I ran into a casual acquaintance the other day, a woman I was friendly with in grad school but see infrequently now.
We had the exact same superficial conversation that we've had every time we've bumped into each other in the past seven years: "Not much, what's new with you? Yes, work is keeping me busy, especially this time of year; no, I don't live at the beach anymore, I moved into town with Mr Wren when we got married seven years ago; yes it's been seven years; no I don't know where the time goes..." You get the idea.
And then, out of nowhere, she threw a conversational grenade right in the middle of our boring but harmless little chat.
"Do you have any kids?"
Now, if I had birthed a baby at some point in the year and a half since I saw you last, don't you think it might have come up during the "what's new" portion of our conversation? But fine, it's a common question and one I'm used to dodging.
"Nope, no kids. The two dogs keep us plenty busy!" Ask me about my dogs, please ask me about my dogs and get off the subject of kids. I have lots of cute stories about the dogs, let me tell you one.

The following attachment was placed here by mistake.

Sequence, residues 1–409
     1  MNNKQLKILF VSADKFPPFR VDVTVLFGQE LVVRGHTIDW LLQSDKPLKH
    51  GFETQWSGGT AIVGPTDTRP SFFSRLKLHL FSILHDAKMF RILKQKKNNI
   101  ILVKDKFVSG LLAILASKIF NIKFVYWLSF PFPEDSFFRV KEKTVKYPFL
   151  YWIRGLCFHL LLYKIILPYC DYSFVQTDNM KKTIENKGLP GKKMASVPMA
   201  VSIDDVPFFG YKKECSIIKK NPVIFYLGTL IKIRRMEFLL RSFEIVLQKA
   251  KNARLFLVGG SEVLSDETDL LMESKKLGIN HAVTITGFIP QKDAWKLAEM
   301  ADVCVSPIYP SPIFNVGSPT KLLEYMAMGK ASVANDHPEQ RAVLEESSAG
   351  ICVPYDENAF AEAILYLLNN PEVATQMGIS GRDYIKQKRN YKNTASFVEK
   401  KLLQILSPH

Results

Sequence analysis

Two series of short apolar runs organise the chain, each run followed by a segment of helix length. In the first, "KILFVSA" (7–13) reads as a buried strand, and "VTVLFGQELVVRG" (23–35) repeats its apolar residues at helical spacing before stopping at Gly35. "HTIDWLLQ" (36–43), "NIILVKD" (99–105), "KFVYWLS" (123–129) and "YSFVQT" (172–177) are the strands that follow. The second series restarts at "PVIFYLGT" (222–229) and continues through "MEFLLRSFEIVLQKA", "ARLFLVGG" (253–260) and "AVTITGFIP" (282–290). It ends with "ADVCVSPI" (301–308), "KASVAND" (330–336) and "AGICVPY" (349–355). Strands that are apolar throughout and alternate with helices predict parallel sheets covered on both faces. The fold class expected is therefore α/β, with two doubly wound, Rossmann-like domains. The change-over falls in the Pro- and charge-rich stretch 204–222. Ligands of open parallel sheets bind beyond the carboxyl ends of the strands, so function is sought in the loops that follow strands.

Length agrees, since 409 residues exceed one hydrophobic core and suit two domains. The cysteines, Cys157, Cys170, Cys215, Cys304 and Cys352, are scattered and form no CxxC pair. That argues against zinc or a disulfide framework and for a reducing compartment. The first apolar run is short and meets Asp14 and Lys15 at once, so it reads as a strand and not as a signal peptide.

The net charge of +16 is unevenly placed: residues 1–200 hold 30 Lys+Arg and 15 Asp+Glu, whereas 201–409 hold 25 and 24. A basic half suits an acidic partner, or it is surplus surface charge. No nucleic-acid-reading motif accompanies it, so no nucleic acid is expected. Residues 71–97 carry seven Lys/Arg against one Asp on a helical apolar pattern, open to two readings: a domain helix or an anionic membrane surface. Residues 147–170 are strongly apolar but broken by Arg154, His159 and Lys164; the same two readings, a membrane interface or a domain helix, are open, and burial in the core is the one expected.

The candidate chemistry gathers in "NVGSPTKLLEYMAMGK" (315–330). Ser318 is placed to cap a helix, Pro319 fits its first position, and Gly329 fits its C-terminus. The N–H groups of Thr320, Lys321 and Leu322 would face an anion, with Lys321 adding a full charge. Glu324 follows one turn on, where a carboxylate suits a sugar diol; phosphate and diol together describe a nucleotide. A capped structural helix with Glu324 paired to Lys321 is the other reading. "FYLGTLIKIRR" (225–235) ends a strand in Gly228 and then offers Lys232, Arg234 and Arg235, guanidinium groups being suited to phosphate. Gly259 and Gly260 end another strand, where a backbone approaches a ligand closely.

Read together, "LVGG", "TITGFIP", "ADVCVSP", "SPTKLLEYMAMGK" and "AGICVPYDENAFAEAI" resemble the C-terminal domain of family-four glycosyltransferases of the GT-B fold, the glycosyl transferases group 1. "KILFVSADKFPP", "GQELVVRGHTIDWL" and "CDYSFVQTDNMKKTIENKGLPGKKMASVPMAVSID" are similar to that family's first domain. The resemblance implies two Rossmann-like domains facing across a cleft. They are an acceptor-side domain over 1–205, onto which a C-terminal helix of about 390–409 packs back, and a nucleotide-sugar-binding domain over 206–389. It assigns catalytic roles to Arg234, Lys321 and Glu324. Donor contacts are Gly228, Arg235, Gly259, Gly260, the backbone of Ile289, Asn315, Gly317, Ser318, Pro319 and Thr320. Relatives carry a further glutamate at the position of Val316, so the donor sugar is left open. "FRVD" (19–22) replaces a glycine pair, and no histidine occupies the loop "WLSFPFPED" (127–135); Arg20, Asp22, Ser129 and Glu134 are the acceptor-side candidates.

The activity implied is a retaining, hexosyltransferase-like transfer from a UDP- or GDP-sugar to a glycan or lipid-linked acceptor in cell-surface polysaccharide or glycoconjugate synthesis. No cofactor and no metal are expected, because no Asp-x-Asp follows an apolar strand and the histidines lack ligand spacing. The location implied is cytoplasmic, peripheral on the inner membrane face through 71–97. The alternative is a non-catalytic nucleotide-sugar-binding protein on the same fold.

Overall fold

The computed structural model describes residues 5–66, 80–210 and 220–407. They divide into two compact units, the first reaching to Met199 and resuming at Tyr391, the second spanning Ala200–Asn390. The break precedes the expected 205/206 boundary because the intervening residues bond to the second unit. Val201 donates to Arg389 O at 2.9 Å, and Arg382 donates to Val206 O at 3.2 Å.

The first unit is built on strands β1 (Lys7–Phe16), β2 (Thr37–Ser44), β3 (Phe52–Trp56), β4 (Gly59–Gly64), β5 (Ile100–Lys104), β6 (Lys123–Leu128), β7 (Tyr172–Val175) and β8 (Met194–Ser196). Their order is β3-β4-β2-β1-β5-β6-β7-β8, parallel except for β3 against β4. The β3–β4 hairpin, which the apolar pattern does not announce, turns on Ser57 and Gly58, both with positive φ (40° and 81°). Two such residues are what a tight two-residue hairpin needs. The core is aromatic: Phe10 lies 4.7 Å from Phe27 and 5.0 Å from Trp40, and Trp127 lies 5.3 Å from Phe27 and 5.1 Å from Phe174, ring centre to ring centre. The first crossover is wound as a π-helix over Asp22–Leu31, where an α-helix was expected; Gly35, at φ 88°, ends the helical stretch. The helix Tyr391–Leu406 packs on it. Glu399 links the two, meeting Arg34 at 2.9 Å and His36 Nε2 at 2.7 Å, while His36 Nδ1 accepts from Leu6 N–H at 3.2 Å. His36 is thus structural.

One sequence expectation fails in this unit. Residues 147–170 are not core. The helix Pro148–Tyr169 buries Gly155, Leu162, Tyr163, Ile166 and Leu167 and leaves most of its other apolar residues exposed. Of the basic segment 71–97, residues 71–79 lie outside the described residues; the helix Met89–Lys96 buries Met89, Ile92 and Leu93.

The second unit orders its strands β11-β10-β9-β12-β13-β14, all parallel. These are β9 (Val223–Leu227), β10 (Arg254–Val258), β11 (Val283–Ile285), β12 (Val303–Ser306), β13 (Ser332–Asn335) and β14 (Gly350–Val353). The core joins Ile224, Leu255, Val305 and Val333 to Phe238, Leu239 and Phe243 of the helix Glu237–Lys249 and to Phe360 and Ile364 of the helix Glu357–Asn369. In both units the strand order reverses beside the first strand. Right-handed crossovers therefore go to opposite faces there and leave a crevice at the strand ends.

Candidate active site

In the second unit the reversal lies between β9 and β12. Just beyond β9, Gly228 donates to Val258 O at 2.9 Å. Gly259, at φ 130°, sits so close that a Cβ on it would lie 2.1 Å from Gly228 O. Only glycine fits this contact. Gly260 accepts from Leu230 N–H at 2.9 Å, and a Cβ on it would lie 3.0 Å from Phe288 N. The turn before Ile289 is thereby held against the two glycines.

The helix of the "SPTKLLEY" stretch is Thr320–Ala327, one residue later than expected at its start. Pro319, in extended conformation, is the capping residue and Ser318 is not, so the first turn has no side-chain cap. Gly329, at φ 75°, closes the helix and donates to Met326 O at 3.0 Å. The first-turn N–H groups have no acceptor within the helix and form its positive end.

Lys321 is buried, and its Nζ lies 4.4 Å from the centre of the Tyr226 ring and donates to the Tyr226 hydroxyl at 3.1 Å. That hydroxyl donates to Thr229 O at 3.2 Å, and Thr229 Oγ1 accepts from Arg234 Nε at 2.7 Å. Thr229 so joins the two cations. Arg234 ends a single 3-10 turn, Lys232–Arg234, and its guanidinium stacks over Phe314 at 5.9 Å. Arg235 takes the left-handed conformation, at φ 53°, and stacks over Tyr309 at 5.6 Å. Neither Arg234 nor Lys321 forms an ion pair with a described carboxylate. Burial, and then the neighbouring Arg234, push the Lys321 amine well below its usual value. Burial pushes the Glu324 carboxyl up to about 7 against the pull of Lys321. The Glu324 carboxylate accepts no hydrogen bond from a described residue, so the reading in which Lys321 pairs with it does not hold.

"Well, do you think you'll EVER have kids?"
Could there possibly be a worse question to ask a woman dealing with infertility? To be fair, she has no way of knowing that I miscarried 6 weeks ago after three years of unsuccessful treatments, and that I have been asking the exact same thing of the universe for a long time now, but it's a grossly inappropriate question to ask during idle chit-chat regardless.
My reproductive choices, functions and issues are none of your business, person who can't remember where I've lived for the past seven years despite my telling you EVERY TIME we talk.
In the intervening days and after a few glasses of red wine, I came up with several scathing retorts, including: "Do you think YOU'LL ever have good manners?" "Do you think you'll ever stop asking me if I still live at the beach?" And, "do you think you'll EVER find a man or are you going to die alone with your cats?"
But I'd like to think that in the moment I handled myself with grace and dignity, and made my point without being unnecessarily cruel.
I smiled, ladled a little extra sugar into my southern drawl and said, "well, THAT'S personal" in a tone that both conveyed mild amusement and delivered a velvet-gloved verbal smack down.
She apologized and asked about my dogs. I was more than happy to tell her about them.